We have read with a great interest the excellent article by Pasch et al. (2015) which describes the role of Sun4 in sperm head formation and fertility. The authors have used a Sun4 knockout (Sun4−/−) mouse model to study the function of Sun4 in spermatogenesis. They observed that homozygous Sun4−/− males are infertile and present a globozoospermia-like phenotype. Further, they demonstrate that Sun4 is solely expressed in spermatids and that it localizes to the posterior nuclear envelope, and is excluded from the nuclear membrane facing the acrosome. Sun proteins have been described to link with KASH domain proteins to form LINC complexes that serve to connect the nucleus to the cytoskeleton or to specific organelles. Theses bridges are critical to many cellular processes ranging from cell migration and polarity to chromosomal movement. Until recently, these evolutionarily conserved proteins were the only proteins described as serving this structural function. The authors revealed that Sun4 deficiency leads to the mislocalization of other LINC components and interferes with the formation of the microtubule manchette and prevents the proper positioning of the acrosome and the adequate elongation of the sperm nucleus.
We greatly appreciated Pasch et al.'s manuscript which brings some very interesting and important data regarding acrosome formation and sperm head elongation. We however feel that some additional elements could enrich the discussion. Pasch et al. (2015) quote Frohnert et al. (2011) who described that Sun5 is localized on the spermatids' nuclear membrane facing the acrosome, in opposition to what the authors describe for Sun4 (Frohnert et al., 2011). We would like to highlight that we have published some contradictory data demonstrating that, in fact, Sun5 has a localization very similar to Sun4 and is excluded from the anterior part of the nucleus where the acrosome is attached, indicating that Sun5 does not interact with the acrosome (Yassine et al., 2015). This ‘new’ colocalization of Sun4 and Sun5 thus suggests that the two proteins could interact functionally.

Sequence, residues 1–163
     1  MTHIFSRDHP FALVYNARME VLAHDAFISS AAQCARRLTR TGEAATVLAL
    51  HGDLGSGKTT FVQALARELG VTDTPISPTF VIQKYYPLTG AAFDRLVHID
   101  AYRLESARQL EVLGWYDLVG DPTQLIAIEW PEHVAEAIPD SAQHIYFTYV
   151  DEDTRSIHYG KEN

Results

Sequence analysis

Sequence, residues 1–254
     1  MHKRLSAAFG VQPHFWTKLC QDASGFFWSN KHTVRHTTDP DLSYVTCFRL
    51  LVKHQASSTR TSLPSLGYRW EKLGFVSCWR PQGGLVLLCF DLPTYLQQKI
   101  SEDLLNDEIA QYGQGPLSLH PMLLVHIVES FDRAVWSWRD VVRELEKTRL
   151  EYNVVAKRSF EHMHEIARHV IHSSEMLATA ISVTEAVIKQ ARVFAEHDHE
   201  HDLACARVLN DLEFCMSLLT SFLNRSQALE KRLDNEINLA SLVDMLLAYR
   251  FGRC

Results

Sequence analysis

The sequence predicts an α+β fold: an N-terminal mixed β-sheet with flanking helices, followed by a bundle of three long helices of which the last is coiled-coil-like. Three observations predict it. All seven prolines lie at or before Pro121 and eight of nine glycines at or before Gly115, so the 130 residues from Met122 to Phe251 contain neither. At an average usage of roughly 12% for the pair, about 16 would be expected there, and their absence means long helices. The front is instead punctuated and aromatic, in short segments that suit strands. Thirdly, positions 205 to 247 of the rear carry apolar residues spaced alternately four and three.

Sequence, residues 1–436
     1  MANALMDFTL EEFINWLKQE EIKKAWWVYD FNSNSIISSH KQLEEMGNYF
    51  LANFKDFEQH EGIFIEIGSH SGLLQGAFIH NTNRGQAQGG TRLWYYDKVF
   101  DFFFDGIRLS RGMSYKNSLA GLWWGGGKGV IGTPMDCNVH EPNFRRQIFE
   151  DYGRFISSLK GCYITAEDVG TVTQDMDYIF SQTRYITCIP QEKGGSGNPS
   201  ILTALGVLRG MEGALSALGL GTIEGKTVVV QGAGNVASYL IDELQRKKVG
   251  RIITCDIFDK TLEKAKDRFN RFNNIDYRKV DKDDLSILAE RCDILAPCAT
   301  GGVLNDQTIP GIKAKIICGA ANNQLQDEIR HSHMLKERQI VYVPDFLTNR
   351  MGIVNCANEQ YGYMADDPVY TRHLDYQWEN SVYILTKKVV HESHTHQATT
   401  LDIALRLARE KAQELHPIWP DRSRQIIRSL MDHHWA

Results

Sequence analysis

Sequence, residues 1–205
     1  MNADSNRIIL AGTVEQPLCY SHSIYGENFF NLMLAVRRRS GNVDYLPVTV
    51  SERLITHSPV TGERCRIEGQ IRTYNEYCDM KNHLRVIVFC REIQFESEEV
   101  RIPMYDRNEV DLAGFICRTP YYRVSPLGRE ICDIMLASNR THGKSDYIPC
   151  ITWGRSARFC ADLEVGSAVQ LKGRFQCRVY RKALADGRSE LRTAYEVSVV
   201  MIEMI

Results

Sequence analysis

Moreover, Pasch and colleagues mention that the absence of Sun4 leads to the formation of globozoospermia-like sperm. Globozoospermia is characterized by an absence of the acrosome and the formation of a perfectly spherical sperm head, a phenotype not observed in the case of Sun4−/− sperm as showed in Fig. 5D; the authors therefore adeptly describe their phenotype as globozoospermia-like sperm phenotype (Pasch et al., 2015). We previously showed that the absence of DPY19L2 induces a pure globozoospermia phenotype with perfectly round acrosomeless sperm (Harbuz et al., 2011; Coutton et al., 2012, 2013, 2015). Furthermore, we showed that Dpy19l2 is a transmembrane protein which localizes on the spermatid's inner nuclear membrane on the anterior part of the nucleus facing the acrosome (Pierre et al., 2012). We also demonstrated that in Dpy19l2−/− mice, the acrosome is not retained on the nuclear membrane and is then eliminated with the cytoplasm. We concluded that Dpy19l2 serves to anchor the acrosome to the nucleus (Pierre et al., 2012). Others have indicated that Dpy19l1, a paralog of Dpy19l12, is necessary for proper radial migration of glutamatergic neurons, thus also displaying a LINC-like function (Watanabe et al., 2011). We can therefore conclude that Dpy19-like proteins may be part of a new family of LINC-like proteins. Pasch et al. conclude by indicating that their study provides evidence for a critical role of LINC complexes in mammalian sperm head formation. We do not dispute this conclusion but would like to add that Dpy19l2 and its yet-unknown partner(s) also play a critical role in spermiogenesis and male infertility, likely by fulfilling a LINC-like function.
The authors declare no competing or financial interests.